An Investment Horror Story!

Last Updated July 23rd 2021
5 Min Read

An investment horror story: selling too early

Of all the mistakes that investors dread, selling a stock too early - and then watching it soar in value - has to be one of the biggest. Today we hear from an investor who experienced just this. 

What happened?

Author and blogger at the Motley Fool, Matt Frankel, described how he made a mistake when deciding to sell three key stocks. As a solid and experienced investor, he was used to making mistakes - and admits freely that it was the ability to learn from these mistakes that helped him to develop his skills and confidence in buying and selling stocks. But the risk of selling too early still remained - as he was about to find out to his cost!

Matt explains that there had been a few occasions during his investing career where he had made the error of selling a solid stock before it had achieved its full value, even though he had full faith in the business in the longer term - due to his prior research and analysis before making the purchase in the first place.

The three stock sales error

stocks price chart

Three stocks stand out for Matt as key examples of how an early sale can lead to a missed opportunity worth thousands of pounds.

The first was Tesla Motors - listed on NASDAQ as TSLA. Originally a wise investment decision, the stock increased in value by over 100% rapidly. Matt bought the stock in 2011 after its IPO. At the time it cost $23 a share. Tesla had a single product market at the time - the impressive Roadster - but was as yet unproven as a motor manufacturing leader. By 2012, its Model 5 car release was gaining accolades and the company's stock was soaring. Matt sold it at $58 a stock at this point - and then watched the market valuation of the company continue to grow! At the time of writing, Tesla was trading at around $300 per share...

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The second error was with Universal Display. Matt believed that the market for OLED displays was positioned to expand rapidly in the coming years, so he bought into the firm in 2013 for $25 a share. Just a few months later he cashed in, as stocks traded for $49 each. This was despite confidence that the OLED market was still primed to grow and that the company was well placed to lead in it. Again, after selling out on his position, he watched the stock climb to above $200 a share with mounting gloom!

The third error was a common one for investing beginners - seeking to trade for short term gain and changing positions in an attempt to 'beat' the market. More experienced investors spend their time analysing the market and the companies they are interested in and analyse their reasons to invest for the longer-term; sometimes even adopting a 'buy and hold' strategy rather than intending to sell any time soon.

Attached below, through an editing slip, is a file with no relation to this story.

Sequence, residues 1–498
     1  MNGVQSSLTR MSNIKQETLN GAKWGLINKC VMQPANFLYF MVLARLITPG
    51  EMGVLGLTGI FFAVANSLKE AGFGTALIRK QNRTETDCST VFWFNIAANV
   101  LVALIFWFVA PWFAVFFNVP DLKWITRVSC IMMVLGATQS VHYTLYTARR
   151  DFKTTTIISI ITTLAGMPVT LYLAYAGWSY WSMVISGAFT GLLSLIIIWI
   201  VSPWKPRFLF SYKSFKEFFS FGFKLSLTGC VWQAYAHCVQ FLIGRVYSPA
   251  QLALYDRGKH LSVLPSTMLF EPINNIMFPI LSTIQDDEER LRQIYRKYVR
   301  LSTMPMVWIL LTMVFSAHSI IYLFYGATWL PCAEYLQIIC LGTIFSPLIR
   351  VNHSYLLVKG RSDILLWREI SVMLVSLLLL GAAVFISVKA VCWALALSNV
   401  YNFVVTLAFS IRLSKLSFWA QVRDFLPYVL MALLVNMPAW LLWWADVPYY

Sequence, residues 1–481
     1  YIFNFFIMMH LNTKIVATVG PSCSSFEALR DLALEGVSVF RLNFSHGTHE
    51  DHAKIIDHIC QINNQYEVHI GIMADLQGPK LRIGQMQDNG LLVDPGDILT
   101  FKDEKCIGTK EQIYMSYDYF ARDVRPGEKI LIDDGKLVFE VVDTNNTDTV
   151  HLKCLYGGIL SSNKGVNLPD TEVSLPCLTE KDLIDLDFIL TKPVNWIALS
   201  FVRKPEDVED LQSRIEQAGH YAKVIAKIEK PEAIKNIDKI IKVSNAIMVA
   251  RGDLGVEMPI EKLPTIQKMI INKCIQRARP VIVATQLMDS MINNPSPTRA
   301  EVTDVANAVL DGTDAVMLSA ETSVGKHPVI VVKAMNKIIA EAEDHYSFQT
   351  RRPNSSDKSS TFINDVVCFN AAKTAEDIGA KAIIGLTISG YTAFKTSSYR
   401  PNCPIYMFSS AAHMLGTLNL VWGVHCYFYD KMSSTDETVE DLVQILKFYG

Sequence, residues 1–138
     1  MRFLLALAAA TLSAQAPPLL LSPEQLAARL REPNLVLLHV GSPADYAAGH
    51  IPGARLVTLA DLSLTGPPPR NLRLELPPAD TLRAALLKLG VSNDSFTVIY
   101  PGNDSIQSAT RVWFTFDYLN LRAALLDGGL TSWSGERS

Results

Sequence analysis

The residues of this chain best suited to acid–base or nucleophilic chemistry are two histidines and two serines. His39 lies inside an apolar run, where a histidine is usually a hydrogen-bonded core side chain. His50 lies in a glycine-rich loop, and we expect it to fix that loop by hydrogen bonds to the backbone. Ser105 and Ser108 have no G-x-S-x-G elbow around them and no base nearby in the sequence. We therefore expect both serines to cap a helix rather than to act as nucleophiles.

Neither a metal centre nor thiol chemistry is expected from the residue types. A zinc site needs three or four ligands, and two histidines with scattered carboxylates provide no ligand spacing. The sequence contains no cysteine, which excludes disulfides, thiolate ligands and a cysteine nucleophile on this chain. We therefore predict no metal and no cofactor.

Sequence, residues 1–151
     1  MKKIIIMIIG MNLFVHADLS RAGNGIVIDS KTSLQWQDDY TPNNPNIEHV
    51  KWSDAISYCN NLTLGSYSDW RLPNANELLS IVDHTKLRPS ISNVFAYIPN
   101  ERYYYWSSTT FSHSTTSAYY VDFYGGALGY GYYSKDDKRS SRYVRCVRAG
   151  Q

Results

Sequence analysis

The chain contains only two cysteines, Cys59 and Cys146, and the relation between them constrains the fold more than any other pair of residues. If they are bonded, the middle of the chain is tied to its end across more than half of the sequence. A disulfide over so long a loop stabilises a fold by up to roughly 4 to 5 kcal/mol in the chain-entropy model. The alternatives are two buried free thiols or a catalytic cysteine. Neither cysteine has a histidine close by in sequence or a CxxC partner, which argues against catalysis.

Again, Matt learned the hard way. He bought into Repligen on the NASDAQ exchange at only $2.53 a share in 2004. The biotech firm then seemed to do little and he sold his original investment of 1000 shares at a little above the purchase price. Again - and crucially - he still believed in the firm's value and potential for the longer-term. Today, the company is a key player in its industry and its stocks trade for around $38 per share. Had Matt held on to them, he would have enjoyed an approximate gain of 1,400%!

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The takeaway

strategic decisions to sell stock

There will always be times when it makes sense to sell a stock. Even Warren Buffet who is a famous champion of the 'buy and hold' approach will make strategic decisions to sell some of his holdings when necessary. But these are never knee-jerk reactions in response to a market movement or short-term gain. The wisest investors spend time really seeking to understand the companies and markets that they invest in and then make decisions for the longer term. This means that they can continue to scan the market for factors which may fundamentally change the landscape for their investments, but largely rule out the short-term fluctuations that cause stock prices to rise and fall continuously. By having faith and confidence in the research and analysis that they did in the first place, they can revisit their assumptions and strategy, check that they are still correct and then have the confidence to maintain their investment position.

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You can read the original article by Matthew Frankel here.